As we approach the end of a tumultuous 2011, it's time to look back at the biggest winners and losers.
So in this series, that's exactly what we're doing, sector by sector. Today, let's take a look at the biggest diversified REIT losers. First the backstory; then the results.
This year, we saw U.S. Treasuries get downgraded from AAA status while Congress played politics instead of fixing the budget, a domestic economy that has been recovering from its financial crisis in fits and starts, big trouble in Europe, and a Chinese economy that doesn't seem so bulletproof.
The daily volatility in the financial industry has been tremendous, but REITs haven't been swinging around as wildly as banks. Part of that is European debt fears manifesting in bank stock volatility, but the REITs have also been less volatile because of the dividend yields that are a hallmark of the sector. This is because a REIT has to pay out 90% of its taxable income to keep its favorable tax status.
Another thing to keep in mind with REITs is that most are heavily leveraged. As a result, any change in the Federal Reserve's actions to keep interest rates low could hurt future debt refinancings.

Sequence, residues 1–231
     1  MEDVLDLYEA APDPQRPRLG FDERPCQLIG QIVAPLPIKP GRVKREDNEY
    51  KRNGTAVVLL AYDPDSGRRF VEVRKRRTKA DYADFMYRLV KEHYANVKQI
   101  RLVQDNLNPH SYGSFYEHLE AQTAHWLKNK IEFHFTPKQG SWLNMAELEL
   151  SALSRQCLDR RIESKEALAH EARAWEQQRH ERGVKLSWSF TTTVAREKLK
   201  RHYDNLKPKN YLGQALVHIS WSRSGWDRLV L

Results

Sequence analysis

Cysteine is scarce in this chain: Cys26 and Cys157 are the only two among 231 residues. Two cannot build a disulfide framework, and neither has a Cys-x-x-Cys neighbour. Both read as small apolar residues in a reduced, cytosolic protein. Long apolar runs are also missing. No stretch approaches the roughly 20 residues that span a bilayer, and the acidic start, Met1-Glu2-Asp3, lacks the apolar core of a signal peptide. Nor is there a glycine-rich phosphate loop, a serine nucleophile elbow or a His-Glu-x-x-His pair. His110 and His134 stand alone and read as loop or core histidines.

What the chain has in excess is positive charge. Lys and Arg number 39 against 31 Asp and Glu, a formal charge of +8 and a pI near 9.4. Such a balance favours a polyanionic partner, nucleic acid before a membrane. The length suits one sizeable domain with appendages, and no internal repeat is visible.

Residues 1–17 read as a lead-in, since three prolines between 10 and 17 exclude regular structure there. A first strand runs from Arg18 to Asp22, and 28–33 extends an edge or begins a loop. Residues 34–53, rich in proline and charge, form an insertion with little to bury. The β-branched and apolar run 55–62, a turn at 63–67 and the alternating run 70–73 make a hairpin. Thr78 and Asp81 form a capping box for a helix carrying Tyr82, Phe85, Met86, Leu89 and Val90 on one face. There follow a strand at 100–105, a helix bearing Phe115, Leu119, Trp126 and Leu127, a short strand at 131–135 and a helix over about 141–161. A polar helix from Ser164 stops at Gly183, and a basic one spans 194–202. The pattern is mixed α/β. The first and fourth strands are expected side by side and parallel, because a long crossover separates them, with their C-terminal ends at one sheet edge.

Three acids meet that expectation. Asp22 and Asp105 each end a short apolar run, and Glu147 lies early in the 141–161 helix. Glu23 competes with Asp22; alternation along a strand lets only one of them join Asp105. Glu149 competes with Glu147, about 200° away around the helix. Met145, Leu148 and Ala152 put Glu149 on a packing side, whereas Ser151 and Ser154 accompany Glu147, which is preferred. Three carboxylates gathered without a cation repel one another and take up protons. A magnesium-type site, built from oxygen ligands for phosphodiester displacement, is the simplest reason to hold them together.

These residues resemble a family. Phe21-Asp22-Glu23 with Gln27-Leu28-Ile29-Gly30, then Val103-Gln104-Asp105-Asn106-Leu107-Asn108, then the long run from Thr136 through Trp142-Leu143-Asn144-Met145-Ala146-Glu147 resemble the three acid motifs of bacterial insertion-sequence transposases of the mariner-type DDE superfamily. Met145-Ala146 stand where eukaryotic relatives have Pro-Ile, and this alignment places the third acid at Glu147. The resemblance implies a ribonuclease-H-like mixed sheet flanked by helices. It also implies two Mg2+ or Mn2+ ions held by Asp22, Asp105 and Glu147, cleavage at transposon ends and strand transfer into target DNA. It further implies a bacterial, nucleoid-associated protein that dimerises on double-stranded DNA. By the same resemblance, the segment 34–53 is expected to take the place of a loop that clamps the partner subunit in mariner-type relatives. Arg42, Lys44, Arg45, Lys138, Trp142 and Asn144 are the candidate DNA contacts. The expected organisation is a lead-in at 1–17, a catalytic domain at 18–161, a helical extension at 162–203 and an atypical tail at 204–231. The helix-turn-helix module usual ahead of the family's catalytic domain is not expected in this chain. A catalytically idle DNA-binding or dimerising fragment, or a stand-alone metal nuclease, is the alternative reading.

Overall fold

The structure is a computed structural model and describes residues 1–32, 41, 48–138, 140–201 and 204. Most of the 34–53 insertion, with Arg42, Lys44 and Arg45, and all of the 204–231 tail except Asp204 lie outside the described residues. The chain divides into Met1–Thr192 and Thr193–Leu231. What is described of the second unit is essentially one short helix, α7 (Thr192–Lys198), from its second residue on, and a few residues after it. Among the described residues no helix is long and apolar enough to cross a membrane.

The worst diversified REIT stocks of 2011
For context, the S&P 500 has returned 2.4% after dividends this year. In other words, the market has been basically flat.
2011 Dividend-Adjusted Return
Price-to-Tangible Book Value
CapLease (NYS: LSE)
Cousins Properties (NYS: CUZ)
Winthrop Realty Trust (NYS: FUR)
Investors Real Estate Trust (NAS: IRET)
Washington Real Estate Investment Trust (NYS: WRE)
Vornado Realty Trust (NYS: VNO)
Source: S&P Capital IQ.
This year hasn't been kind to these various diversified REITs as the economy continues its fits-and-starts recovery. This is despite current dividend yields that span from 2.8% to 6.8%. So as you look at this list for investing ideas, remember that nice dividends don't guarantee nice returns.
All types of real estate can be tricky in this environment, but we're seeing many of these REITs trading close to tangible book value. If you have the time, know-how, and inclination, finding the hidden gems amid the rubble could be quite profitable. But be careful.
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At the time thisarticle was published Anand Chokkaveludoesn't own shares of any company mentioned.Try any of our Foolish newsletter servicesfree for 30 days. We Fools don't all hold the same opinions, but we all believe thatconsidering a diverse range of insightsmakes us better investors. The Motley Fool has adisclosure policy.
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